Military spies invade
Written by Lorenz
The U.S. military is not only
interested in employing anthropologists. Now, they have started
attending anthropology conferences. Anthropologist
Caroline Osella from the University in London and one of the
Social Mobility In Kerala, is worried.
a post in the ASA Globalog (run by the Association of Social
Anthropologists of the UK and Commonwealth) she tells us about her
recent experience from a conference at the
Exeter Gulf Studies Centre where she met people from the U.S.
military both in the bar and in the conference:
Bad enough to have to check oneself
and what one says in conferences…but to have to be on your guard in
the bar afterwards in case you say something of interest about the
Gulf-connected Muslim Indians you work among is surely one step too
James Bond for an anthropologist?
A week before, she had attended a conference on south Asian studies
in Leiden and “also found some of these security types there,
listening in on the panels on south Asian Muslims – and even
presenting papers themselves!”
Do we have to tolerate this?, she wonders:
I still maintain that this is a worrying trend and that effectively,
academic freedom and decent research is jeopardised if all our
conferences are gatecrashed.
Conferences are places where we try out ideas and present first
drafts of our work; we may later decide to alter some things before
going to publication in order to protect the people we work with.
By letting security personnel or academics form the military into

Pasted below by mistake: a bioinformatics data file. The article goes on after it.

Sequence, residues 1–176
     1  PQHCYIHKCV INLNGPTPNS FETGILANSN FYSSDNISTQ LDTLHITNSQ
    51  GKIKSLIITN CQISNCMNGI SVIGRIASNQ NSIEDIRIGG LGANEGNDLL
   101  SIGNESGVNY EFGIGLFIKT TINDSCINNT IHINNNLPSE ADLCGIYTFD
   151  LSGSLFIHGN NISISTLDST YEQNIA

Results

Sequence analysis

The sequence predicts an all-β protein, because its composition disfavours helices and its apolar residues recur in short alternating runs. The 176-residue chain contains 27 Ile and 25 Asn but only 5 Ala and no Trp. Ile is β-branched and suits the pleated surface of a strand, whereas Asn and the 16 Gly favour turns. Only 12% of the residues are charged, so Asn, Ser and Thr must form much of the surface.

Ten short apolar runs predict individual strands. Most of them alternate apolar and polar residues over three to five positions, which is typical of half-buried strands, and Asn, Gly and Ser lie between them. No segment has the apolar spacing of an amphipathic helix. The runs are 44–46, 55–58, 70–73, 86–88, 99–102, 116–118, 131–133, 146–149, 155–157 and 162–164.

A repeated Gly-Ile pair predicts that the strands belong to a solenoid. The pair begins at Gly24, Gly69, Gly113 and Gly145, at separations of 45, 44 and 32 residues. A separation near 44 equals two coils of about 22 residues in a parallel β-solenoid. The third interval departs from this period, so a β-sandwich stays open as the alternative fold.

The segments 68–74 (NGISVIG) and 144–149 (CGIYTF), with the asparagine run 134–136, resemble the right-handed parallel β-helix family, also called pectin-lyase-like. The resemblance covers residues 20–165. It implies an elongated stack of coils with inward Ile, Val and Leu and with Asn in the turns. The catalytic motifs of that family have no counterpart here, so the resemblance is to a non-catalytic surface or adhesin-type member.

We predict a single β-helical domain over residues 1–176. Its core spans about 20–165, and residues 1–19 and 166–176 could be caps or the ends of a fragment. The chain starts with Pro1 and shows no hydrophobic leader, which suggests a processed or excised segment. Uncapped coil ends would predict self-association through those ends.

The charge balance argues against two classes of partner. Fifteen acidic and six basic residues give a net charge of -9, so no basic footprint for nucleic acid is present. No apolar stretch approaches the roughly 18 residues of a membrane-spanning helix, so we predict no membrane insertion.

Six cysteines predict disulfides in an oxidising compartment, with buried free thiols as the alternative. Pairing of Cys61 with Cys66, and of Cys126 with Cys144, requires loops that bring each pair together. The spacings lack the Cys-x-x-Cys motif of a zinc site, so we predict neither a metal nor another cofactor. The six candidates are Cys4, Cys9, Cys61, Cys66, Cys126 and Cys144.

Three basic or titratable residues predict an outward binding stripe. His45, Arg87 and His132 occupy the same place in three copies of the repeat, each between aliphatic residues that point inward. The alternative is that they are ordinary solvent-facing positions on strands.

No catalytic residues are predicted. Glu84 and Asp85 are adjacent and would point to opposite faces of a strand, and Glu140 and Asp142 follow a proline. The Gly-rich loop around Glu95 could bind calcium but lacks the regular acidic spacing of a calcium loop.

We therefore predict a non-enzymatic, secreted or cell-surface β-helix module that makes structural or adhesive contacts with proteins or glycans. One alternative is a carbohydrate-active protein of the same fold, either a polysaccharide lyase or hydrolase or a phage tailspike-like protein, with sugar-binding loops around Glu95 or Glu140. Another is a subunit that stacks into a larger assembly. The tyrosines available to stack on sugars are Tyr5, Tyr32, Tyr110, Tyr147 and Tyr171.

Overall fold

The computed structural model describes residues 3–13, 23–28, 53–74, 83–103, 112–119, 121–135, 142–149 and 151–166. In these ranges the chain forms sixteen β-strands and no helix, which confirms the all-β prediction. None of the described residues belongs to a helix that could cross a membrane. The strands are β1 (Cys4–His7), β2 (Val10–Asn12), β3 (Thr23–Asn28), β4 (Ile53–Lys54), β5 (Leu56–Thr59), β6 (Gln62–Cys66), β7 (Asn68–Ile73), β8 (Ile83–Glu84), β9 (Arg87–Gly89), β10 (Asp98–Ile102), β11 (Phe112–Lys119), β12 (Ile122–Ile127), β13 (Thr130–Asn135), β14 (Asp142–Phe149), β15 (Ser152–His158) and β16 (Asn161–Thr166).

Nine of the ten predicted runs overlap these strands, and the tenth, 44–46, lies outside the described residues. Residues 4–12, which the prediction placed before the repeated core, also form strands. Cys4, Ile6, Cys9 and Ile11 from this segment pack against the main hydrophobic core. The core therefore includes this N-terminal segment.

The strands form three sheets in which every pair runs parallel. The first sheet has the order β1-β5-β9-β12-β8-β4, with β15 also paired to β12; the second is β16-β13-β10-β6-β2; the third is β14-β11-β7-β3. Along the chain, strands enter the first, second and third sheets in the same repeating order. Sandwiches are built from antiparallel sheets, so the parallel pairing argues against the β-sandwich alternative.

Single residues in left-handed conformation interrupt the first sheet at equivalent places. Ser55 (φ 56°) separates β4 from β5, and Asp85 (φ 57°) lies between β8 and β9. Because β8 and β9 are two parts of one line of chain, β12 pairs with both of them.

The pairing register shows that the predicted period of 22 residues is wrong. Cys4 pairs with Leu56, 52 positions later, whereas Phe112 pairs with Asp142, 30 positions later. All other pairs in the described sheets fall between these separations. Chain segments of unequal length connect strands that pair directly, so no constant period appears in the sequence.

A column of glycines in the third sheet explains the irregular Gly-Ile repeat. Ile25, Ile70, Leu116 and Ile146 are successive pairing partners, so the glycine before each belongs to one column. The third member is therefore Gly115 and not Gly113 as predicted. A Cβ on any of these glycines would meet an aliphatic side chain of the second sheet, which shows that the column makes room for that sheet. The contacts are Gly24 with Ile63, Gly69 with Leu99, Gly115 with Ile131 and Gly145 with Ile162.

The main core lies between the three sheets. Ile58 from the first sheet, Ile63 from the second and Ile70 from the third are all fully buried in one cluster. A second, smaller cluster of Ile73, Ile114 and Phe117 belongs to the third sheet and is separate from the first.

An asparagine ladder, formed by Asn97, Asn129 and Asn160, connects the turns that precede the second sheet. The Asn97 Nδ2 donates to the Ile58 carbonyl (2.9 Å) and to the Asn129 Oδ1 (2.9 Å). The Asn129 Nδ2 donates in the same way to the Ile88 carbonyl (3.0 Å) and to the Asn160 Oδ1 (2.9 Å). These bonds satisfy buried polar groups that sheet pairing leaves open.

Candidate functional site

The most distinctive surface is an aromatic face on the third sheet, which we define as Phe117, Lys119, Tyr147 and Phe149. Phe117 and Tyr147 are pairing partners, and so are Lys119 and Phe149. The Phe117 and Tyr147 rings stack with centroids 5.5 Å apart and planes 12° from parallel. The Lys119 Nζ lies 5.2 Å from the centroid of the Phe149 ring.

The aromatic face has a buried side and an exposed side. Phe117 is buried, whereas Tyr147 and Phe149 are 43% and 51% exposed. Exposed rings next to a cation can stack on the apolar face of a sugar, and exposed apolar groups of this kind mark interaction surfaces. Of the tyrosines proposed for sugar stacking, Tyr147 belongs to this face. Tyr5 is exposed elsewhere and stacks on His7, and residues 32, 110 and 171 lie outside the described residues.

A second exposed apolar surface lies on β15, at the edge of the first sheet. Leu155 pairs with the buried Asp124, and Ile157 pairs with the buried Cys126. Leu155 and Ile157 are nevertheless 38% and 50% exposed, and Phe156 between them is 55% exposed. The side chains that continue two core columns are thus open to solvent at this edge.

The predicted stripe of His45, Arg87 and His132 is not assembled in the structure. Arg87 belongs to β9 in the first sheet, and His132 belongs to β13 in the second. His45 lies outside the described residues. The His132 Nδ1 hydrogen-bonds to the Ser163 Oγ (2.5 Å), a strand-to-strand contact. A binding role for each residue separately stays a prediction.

conferences then effectively our work is going into the public realm
before we are ready for it to do so.
Washington and whoever else is welcome to read the published
versions of my and Filippo’s work, like any other members of the
interested public. But they can download it and read it in their
They can please keep away from academic conferences, where I want
the freedom to try out my ideas, decide which details I might want
to keep confidential for ethics’ sake, and feel free to engage in
discussions which are not monitored or where the information I may
pass on is not feeding into any policy agenda. And I want to be able
to go and drink and talk shop in the bar in the evening without
wondering who is listening.
We teach our undergrads about our shameful past with regard to
colonialism. Are we going to find the next generation of
anthropologists teaching about us and our pathetic accommodations to
state power and our polite refusals to speak out?
>> read the whole blog post on the ASA Globalog
>> more posts on counterinsurgency on the ASA Globalog (quite a lot
On the website of the
Network of concerned anthropologists (NCA), Hugh Gusterson tells
a related story. During a panel at the American Anthropological
Association annual meeting featuring three NCA members, witnesses
saw two U.S. Army personnel writing down the names and institutional
affiliations of anthropologists who had signed copies of the
NCA pledge of Non-participation in Counter-insurgency
circulating during the panel.
Protests against British research council: “Recruits anthropologists
for spying on muslims”
Final report launched: AAA no longer opposes collaboration with CIA
and the military
The dangerous militarisation of anthropology
“Arabs and Muslims should be wary of anthropologists”
Anthropology and CIA: “We need more awareness of the political
nature and uses of our work”